While I'm glad to see anyone posting on CAA for any legitimate reason, there are so few active members on here that I'm doubtful about whether ANY of us who could be called "active" have the expertise in art (either digital or traditional) to be able to answer your question.
Do you even need math to do artwork? I'm kind of puzzled because I don't even know what kind of art you would like to do that would require math knowledge.
But what I can do is give some more general life advice for how you can approach things to find the answer to this kind of question.
If you find you are trying to do something, or there is something you want to do, but you aren't able to because there is a skill that you're lacking, then you identify what the skill is that you need to do the thing you want to do, and you find a way to learn that skill.
For example, I'm practicing a musical instrument, trying to get better as a musician. This is an instrument that can only play one note at a time, but my teacher is trying to explain some things to me about the chord progression going on in the accompaniment/other instruments. I feel a deficit in my knowledge because although if I look at the score or listen to the piece, I can tell "the chord is changing" if I try, but I would be hard put to identify the specific chords, and moreover, I don't really understand anything about chord progression. (Almost nothing.) So, what I need is ✨music theory✨. If only I had a better understanding of ✨music theory✨, then I would be able to understand what my teacher is trying to tell me, which is important because that knowledge of the overall musical context is going to inform how I need to play my part.
So when you find yourself frustrated because you are trying to do something, but there's some math you need to know to do the thing you are trying to do, then you stop and ask yourself, what is the math that I need to know in order to do this thing that I am trying to do?
Another thing that can help you focus your time on the study or practice that will help you the most is to identify what you already know, what you sort of know but are kind of shaky at and could use some review, and what you don't know or forgot. So, if your goal was simply to brush up on math, in general, for its own sake, math goes in a very logical progression and you can just look up the order of math classes online. https://www.google.com/search?client=fi ... th+classes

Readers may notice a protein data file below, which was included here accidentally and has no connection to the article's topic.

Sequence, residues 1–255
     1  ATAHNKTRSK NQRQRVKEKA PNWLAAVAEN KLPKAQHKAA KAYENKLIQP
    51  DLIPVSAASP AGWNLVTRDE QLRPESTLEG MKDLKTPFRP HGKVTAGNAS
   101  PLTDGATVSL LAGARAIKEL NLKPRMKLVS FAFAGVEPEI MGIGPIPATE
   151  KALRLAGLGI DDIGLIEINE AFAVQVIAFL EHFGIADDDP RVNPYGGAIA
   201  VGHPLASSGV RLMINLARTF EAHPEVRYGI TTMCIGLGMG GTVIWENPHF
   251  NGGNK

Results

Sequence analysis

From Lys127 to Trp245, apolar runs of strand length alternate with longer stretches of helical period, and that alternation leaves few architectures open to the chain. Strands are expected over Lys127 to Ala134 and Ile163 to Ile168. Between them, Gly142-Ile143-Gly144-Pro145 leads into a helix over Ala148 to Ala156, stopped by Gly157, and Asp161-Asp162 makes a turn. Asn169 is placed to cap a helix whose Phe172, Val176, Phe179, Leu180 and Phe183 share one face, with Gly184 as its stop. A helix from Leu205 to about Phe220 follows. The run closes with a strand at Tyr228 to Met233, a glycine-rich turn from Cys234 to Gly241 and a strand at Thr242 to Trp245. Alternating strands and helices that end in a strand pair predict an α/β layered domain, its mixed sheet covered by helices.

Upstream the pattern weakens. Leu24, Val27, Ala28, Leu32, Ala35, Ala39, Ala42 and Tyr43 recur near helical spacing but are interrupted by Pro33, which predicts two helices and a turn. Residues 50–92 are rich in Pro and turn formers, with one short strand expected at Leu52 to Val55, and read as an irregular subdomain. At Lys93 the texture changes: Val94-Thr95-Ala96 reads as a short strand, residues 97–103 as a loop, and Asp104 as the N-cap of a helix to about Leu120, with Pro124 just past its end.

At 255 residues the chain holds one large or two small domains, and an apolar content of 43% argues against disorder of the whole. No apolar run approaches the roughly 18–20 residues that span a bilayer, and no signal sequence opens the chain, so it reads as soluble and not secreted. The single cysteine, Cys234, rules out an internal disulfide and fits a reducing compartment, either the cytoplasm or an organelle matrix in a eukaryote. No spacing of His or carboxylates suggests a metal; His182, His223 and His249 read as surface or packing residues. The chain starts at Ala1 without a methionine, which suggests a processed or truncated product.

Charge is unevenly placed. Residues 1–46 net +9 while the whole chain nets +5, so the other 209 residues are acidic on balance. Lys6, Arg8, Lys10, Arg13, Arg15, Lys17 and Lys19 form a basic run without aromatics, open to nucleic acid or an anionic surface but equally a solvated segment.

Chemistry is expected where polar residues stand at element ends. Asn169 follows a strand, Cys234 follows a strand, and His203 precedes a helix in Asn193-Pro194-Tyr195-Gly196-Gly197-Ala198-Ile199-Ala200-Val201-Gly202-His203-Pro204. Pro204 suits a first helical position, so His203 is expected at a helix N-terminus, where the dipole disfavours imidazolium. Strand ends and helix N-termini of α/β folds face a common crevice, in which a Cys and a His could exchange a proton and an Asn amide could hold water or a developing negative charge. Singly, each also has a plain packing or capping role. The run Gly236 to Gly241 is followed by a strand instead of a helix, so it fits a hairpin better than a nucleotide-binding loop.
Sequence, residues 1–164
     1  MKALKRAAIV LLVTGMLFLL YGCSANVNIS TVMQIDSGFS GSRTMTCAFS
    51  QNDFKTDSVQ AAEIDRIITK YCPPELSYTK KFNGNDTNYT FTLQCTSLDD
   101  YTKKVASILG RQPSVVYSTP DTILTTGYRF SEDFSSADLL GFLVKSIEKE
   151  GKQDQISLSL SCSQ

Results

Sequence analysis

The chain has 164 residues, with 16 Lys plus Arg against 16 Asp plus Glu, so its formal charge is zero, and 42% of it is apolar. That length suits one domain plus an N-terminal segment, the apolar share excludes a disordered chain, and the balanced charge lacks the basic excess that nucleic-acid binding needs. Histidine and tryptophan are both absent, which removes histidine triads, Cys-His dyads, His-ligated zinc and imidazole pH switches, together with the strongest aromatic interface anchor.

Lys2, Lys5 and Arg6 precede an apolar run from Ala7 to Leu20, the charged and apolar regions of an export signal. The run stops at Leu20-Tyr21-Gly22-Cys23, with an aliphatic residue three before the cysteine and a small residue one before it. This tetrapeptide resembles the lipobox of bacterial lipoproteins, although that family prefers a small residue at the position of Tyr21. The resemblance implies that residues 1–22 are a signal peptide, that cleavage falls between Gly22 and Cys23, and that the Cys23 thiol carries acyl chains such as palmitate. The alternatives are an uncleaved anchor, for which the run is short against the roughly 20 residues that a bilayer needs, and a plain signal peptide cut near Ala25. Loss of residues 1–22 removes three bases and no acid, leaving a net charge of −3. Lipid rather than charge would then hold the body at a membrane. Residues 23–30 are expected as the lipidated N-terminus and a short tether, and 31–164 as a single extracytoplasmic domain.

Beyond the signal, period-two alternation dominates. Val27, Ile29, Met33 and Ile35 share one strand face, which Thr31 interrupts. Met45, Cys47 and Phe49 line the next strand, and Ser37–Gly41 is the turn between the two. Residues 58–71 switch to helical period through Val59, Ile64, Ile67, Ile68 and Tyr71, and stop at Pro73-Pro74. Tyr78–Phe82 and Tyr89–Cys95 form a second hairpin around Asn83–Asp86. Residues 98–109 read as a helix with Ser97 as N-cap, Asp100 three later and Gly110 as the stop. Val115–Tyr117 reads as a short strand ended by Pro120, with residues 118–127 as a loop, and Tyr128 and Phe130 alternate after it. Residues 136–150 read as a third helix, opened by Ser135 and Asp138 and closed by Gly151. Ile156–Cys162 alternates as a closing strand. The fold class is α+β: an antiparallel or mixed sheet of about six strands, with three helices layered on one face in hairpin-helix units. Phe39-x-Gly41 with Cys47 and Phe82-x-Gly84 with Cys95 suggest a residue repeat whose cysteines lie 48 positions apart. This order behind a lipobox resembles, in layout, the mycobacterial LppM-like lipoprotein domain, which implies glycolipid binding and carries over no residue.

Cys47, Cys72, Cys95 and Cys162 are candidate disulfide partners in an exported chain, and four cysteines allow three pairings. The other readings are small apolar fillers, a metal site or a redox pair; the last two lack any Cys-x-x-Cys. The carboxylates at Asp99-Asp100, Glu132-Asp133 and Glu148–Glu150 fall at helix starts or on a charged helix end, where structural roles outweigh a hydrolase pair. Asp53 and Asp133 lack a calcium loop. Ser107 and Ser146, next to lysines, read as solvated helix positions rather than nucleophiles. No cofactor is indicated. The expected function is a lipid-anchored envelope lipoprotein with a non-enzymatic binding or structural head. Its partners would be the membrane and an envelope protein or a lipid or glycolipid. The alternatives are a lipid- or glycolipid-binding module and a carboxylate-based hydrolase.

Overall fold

In mastery-based learning, you have mastered something if you can get it correct 80% of the time. So, you could look at some representative problems from 9th grade Algebra 1, see what kind of questions there are, and try solving them to check your knowledge. If you get 80% of them right, great, you don't need to review that. Move on to geometry, take a few practice questions. Keep doing that until you find the level of math where you're not able to get 80% of the questions right. See what you missed and review that. Once you've mastered all the typical kinds of questions for that grade of math, move on to the next one.
Here's a continuation of my music theory example; this is not really necessary to read but you can if you want to see another example of this kind of reasoning in action, how I reason through things and decide what I need to start studying:
SPOILER: Highlight text to read: First, I take an inventory of my music theory knowledge. I can identify notes, rhythms, I can read music notation, I can identify intervals, and I can identify triads . . . probably, though maybe I could use some practice with that. I know the major and minor scales, and I understand the concept of what the modes are, but I wouldn't be able to tell you off the top of my head what each mode sounds like. So basically my goal is to start reviewing with triads and work my way up to chords (not limited to triads) and chord progressions and modulation, all that stuff, and I can also stop and review modes once more on my way there to brush up on those. I find a music theory online class--there are lots of free resources out there, too, but this is reassuring because it goes in order and it's comprehensive, so I know I'm not missing anything--and take a look at what information is taught in each unit. By looking at that, I determine that I can completely skip the first three units of the course because they're about note identification, interval identification, and some other basics I already know. So I find the unit that covers some stuff I sort of know but could use some review, and I start there.
So, the TL;DR is look and see what is the point of frustration when you can't do something you want to do because there's a skill you are missing, then you find out what that skill is and remediate it. If you can do all the artwork you want to do without any math knowledge, and you don't ever find yourself frustrated because there's something you want to do but can't (i.e., you ARE able to do the things you want to), then I don't see why there's any need to review anything.
If you want a more specific answer from someone who could simply tell you what math is helpful to know for artwork, you might need to ask somewhere else (Reddit? Quora?). While I'm sure every person on here would *like* to be able to help you, with our CAA population of, like, 3 people, I don't think there's anyone with that kind of expertise.